Laurence de Bure, a French born immigrant,brought an agricultural background from farm life in the Pyrenees Mountains in southern France to Tucson Arizona. Her appetite to learn of the tribal life near her new surroundings led her to discover traditional indigenous water harvesting techniques. This in turn led to her current mission; encouraging its reintroduction to the Hopi and Navajo tribes, especially promoting youth empowerment and traditional knowledge building.
Conceptualized in 2013, Waterock L3C is an investor owned, limited dividend, for-profit company. It is providing economic opportunities to disadvantaged individuals and communities through a business-like approach. During the past three years, the company has organized 15 training workshops focused on land and water restoration techniques, which have involved over 150 Hopi and Navajo youth. These workshops have been introducing indigenous techniques focused on the construction of rock based Trincheras, Gabions, and water catchment basins to slow the flow of rainwater runoff in the watersheds of their reservations. These are not voluntary activities but "on-the-job" trainings in which participants receive a cash stipend well above the minimum wage in the United States for their work.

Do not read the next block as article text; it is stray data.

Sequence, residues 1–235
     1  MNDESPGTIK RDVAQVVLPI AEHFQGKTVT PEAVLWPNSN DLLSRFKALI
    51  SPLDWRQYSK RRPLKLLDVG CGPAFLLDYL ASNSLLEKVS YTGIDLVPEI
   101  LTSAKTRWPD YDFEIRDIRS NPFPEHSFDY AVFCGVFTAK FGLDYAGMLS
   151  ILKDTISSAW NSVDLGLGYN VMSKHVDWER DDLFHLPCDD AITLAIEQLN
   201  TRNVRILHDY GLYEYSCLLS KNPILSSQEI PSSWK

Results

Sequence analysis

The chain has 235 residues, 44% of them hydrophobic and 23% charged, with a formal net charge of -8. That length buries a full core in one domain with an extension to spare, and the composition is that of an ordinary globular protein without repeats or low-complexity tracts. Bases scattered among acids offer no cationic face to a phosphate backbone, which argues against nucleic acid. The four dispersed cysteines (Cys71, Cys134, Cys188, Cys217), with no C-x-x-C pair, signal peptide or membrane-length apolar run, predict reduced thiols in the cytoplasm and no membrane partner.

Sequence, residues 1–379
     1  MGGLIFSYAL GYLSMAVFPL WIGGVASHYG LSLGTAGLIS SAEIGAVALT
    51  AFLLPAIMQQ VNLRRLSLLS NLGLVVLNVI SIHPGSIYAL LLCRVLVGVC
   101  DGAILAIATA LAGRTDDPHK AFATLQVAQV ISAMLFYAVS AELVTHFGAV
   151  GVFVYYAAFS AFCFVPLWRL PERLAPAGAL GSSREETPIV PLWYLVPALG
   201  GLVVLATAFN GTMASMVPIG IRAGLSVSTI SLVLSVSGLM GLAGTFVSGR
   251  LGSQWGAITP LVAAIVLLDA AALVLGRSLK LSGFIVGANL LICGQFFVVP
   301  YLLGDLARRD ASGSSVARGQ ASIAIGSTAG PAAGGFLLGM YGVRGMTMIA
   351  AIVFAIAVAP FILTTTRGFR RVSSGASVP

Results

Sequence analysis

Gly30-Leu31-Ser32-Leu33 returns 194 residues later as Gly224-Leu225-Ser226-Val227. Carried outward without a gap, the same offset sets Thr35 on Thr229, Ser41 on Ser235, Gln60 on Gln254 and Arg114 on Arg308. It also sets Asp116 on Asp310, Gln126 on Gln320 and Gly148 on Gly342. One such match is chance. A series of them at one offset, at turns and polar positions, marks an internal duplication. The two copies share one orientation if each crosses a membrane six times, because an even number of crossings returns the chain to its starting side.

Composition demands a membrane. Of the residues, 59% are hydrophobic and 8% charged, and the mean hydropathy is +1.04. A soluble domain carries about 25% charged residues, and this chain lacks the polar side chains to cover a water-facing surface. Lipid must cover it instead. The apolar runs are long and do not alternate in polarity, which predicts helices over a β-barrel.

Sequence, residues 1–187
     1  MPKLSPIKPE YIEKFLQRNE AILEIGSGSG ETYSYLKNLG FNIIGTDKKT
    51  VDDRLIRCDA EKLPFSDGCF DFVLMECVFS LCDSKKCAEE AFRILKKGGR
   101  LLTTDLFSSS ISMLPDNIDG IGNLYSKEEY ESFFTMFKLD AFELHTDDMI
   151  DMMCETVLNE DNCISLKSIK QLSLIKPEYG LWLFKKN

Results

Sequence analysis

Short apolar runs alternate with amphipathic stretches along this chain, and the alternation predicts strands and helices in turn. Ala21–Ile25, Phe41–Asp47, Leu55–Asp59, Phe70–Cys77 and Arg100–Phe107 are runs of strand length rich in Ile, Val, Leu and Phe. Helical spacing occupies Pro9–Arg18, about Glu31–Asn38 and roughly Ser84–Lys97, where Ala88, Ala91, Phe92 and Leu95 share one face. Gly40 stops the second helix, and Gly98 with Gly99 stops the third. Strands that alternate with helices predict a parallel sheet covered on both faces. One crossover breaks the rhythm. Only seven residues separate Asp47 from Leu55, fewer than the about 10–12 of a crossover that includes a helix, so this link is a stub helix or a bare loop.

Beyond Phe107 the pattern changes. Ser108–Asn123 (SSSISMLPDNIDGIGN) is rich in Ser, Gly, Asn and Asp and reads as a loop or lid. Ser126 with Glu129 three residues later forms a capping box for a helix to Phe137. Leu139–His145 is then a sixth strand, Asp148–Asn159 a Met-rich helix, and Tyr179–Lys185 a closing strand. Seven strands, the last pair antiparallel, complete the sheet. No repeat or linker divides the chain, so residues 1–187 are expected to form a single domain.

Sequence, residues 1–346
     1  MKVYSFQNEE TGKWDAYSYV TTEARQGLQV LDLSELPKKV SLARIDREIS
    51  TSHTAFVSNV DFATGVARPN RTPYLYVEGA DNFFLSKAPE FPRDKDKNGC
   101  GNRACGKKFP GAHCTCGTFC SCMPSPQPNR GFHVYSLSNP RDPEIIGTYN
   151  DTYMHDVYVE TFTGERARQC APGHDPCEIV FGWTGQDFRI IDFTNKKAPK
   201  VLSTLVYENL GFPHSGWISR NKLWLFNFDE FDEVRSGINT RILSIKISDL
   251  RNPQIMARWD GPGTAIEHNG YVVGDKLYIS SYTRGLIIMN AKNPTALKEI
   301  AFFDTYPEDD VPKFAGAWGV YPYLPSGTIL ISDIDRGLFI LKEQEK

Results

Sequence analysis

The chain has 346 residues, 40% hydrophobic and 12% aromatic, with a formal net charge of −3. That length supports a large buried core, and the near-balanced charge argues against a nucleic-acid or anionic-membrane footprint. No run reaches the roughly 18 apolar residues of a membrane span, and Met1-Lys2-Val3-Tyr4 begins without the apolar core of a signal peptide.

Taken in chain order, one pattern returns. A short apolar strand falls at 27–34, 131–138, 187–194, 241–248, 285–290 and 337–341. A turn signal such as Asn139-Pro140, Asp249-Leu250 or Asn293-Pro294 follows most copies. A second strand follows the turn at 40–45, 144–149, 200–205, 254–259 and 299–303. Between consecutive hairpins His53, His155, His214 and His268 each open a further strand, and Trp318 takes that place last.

The success of this initiative led to international recognition through awards received from the Swiss based "Good Festival" symposium in 2016, and by the French Government in its worldwide competition, "100 Projects to Combat the Effects of Climate Change". Furthermore, it has also led to requests for similar rainwater harvesting workshops and collaborations. One of which foresees the collaboration with the Embassy of the Earth Foundation, the Netherlands Center for Indigenous people, and the DHAN Foundation in Tamil Nadu, India, whereby the organization of a series of workshops to be conducted in the Fall of 2017 in Tamil Nadu State was agreed upon.
This story was previously published on GoodPowWow.